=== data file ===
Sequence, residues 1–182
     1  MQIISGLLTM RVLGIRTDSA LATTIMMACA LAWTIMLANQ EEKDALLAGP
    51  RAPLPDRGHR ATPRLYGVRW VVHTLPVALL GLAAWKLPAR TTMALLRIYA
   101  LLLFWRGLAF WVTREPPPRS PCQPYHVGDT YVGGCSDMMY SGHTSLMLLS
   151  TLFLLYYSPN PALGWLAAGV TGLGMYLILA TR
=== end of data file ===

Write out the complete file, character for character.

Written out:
Sequence, residues 1–182
     1  MQIISGLLTM RVLGIRTDSA LATTIMMACA LAWTIMLANQ EEKDALLAGP
    51  RAPLPDRGHR ATPRLYGVRW VVHTLPVALL GLAAWKLPAR TTMALLRIYA
   101  LLLFWRGLAF WVTREPPPRS PCQPYHVGDT YVGGCSDMMY SGHTSLMLLS
   151  TLFLLYYSPN PALGWLAAGV TGLGMYLILA TR